In the morning sow thy seed, and in the evening withhold not thine hand; for thou knowest not whether shall prosper, either this or that, or whether they both shall be alike good.—xi. 6.

Some minds are quite beclouded with melancholy, when they contemplate the uncertainty of all human events : indolent and timid persons, under partial religious impressions, are especially liable to this. Strong exertion should be used, to shake it off : for it is alike destructive to the quiet repose of faith, and to the lively effort of faith.Others fastidiously choose their plans, and nicely balance their reasons: they will just do this, and not do that, as though they would expend none of their energies, excepting on measures sure to be successful. A hearty resolute Christian strikes into a different path ; undertakes every duty, from a sense of duty ; calculates consequences with self-distrust; neither wastes nor grudges his pains; but ventures on the promises of God, and the resources of Providence, largely and boldly. “The liberal deviseth liberal things; and by liberal things shall he stand.”

Rejoice, () young man, in thy youth, and let thy heart cheer thee in the days of thy youth ; and walk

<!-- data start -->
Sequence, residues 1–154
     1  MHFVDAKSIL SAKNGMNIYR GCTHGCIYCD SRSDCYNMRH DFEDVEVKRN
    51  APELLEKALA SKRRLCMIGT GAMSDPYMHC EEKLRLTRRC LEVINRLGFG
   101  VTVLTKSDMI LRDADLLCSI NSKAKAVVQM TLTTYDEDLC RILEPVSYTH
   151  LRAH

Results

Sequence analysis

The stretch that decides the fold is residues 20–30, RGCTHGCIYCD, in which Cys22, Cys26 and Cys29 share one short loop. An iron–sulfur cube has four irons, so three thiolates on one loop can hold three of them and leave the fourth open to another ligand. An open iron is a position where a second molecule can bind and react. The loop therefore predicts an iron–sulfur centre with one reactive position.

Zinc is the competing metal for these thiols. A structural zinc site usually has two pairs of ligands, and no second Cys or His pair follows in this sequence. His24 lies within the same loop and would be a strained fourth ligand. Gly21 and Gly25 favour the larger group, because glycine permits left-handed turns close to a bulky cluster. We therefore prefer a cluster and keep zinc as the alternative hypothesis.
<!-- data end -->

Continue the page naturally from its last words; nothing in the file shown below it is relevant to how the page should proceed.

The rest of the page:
in the ways of thine heart, and in the sight of thine eyes: but know thou, that for all these things God will bring thee into judgment.—Eccles. xi. 9.

Remember now thy Creator in the days of thy youth, while the evil days come not, nor the years draw nigh, when thou shalt say, I have no pleasure in them.—xü. I.

The writing of Hezekiah king of Judah, when he had been sick, and was recovered of his sickness :

I said in the cutting off of my days, I shall go to the gates of the grave: I am deprived of the residue of my years.

I said, I shall not see the LORD, even the LORD, in the land of the living: I shall behold man no more with the inhabitants of the world.

Mine age is departed, and is removed from me as a shepherd's tent: I have cut off like a weaver my life: he will cut me off with pining sickness: from day even to night wilt thou make an end of me.

I reckoned till morning, that, as a lion, so will he break all my bones: from day even to night wilt thou make an end of me.

Like a crane, or a swallow, so did I chatter: I did mourn as a dove: mine eyes fail with looking upward: O LORD, I am oppressed : undertake for me.

What shall I say? he hath both spoken unto me, and himself hath done it: I shall go softly all my years in the bitterness of my soul.

O LORD, by these things men live, and in all these